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High-Risk Shortcut Behaviors at Work

An unintended side-effect of characterizing efficiency as an “obligation.”

Tight deadlines and multiple competing demands are a fact of life for many workers. Therefore, it is perhaps not surprising that individuals sometimes look for ways to take shortcuts at work. Specifically, shortcut behaviors are methods of accomplishing tasks that are faster than standard or typical procedures. Although some shortcuts are relatively harmless, others can have adverse or even disastrous consequences. For instance, workers took several shortcuts prior to the Deepwater Horizon oil platform explosion. As deadlines loomed, numerous steps in the drilling process were replaced with faster alternatives, and some procedures were skipped outright (Reader & O’Connor, 2014). The result was one of the largest man-made disasters in history.

Source: Pixabay

Importantly, across a range of occupations and industries, individuals take shortcuts even when the risks associated with doing so are relatively well-known (e.g., Komaki, Barwick, & Scott, 1978; Weyman & Clarke, 2003). In other words, it seems that it is often the case that workers know and understand that shortcuts carry serious risks, yet they take the shortcuts anyway. Unfortunately, the factors that lead individuals to take high-risk shortcuts at work are not well understood. To this end, my colleagues Abigail Scholer, Aaron Schmidt, and I conducted two experiments to better understand this issue.

Participants performed an air traffic control simulation. The object of the task was to ensure that each aircraft reached its destination safely and on time. The aircraft could be issued commands to either fly along pre-determined flight routes, or take “shortcuts” by flying outside these pre-determined routes. Staying within the pre-determined flight routes was the safe option: As long as the aircraft stayed within these routes, a “near miss” (i.e., an unsafe outcome) would not occur. However, this strategy also increased travel time, thereby reducing the likelihood that the aircraft would reach their destinations on time. Thus, participants could use shortcuts to increase efficiency, but doing so came with at a potential cost to safety. For every second that an aircraft was outside the pre-determined flight route (i.e., taking a shortcut) there was a chance that a “near miss” could occur. We incentivized performance by paying participants cash prizes for landing aircraft on time. Yet, participants were not paid if any aircraft were involved in a “near miss.”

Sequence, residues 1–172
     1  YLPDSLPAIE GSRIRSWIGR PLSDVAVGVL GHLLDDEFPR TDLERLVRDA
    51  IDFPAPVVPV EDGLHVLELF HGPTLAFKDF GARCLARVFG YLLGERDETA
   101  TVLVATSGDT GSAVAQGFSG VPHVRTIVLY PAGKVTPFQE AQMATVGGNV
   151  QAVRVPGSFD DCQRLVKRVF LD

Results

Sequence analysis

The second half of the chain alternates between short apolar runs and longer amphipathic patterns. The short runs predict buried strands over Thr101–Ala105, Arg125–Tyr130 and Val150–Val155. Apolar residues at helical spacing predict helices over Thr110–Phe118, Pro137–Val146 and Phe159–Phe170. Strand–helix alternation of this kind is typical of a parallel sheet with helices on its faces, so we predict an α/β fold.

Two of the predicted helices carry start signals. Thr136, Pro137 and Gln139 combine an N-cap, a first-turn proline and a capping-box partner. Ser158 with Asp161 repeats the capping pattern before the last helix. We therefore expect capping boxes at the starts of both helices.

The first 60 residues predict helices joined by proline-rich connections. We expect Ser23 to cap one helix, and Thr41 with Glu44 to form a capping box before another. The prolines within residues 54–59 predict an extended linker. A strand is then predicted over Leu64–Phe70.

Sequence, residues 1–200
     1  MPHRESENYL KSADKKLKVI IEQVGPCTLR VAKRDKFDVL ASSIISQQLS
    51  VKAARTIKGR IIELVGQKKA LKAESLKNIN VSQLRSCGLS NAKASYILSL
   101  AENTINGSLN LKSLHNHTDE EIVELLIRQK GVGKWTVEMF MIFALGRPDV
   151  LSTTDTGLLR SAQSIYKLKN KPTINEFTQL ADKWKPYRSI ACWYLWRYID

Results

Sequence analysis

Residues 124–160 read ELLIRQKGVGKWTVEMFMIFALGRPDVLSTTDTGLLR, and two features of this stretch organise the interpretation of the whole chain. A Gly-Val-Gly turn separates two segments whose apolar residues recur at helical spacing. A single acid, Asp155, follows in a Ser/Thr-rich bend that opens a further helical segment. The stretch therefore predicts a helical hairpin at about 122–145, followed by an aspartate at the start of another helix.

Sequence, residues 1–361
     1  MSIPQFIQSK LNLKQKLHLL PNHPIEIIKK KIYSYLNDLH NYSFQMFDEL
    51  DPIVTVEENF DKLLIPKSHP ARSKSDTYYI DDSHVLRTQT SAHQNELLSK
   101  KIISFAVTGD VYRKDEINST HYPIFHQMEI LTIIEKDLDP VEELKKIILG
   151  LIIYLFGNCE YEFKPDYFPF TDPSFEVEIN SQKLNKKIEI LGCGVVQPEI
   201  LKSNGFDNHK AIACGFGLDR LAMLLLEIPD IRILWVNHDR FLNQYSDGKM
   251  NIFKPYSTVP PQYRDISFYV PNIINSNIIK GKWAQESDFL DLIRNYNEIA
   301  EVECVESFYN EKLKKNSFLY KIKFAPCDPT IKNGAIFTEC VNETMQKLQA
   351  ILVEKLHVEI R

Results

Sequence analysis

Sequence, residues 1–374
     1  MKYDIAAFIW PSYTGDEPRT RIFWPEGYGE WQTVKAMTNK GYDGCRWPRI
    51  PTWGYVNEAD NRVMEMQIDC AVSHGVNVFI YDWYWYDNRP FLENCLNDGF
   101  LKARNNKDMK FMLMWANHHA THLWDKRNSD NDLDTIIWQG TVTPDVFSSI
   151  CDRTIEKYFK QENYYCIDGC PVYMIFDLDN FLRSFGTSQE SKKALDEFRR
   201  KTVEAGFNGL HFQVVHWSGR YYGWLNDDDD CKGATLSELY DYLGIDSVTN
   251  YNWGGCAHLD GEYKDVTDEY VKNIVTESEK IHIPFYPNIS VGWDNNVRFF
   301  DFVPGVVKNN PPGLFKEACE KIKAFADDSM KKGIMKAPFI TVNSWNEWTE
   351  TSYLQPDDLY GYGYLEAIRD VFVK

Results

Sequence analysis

Importantly, the participants were well-informed of the risks associated with taking shortcuts. Nonetheless, we found that individuals engaged in shortcut behaviors even when the risks were very high, primarily when two additional conditions were met:

  1. There was a particularly high workload (i.e., there were many aircraft to land).
  2. Participants were told that they had an “obligation” to maintain efficiency.

That is, participants used shortcuts to counteract high workloads and meet their obligations.

These studies provide important insights into the effects that the verbal cues organizations use with employees can have on shortcut behaviors. By framing efficiency as a “duty” or “obligation,” organizations may inadvertently communicate that employees should “do whatever it takes,” even if that includes bending rules and skirting procedures. Therefore, although it is reasonable to emphasize the importance of efficiency in the workplace, it may also be important to remind employees that efficiency should not come at the expense of quality, ethicality, and safety. Failure to do so may leave employees looking to shortcuts when work piles up and deadlines loom.

Our full manuscript can be downloaded here.


Beck, J. W., Scholer, A. A., & Schmidt, A. M. (2017). Workload, risks, and goal framing as antecedents of shortcut behaviors. Journal of Business and Psychology, 32, 421-440.

Komaki, J., Barwick, K. D., & Scott, L. R. (1978). A behavioral approach to occupational safety: Pinpointing and reinforcing safe performance in a food manufacturing plant. Journal of Applied Psychology, 63, 434-445.

Reader, T. W., & O’Connor, P. (2014). The deepwater horizon explosion: Non-technical skills, safety culture, and system complexity. Journal of Risk Research, 17, 405-424.

Weyman, A. K., & Clarke, D. D. (2003). Investigating the influence of organizational role on perceptions of risk in deep coal mines. Journal of Applied Psychology, 88, 404-412.

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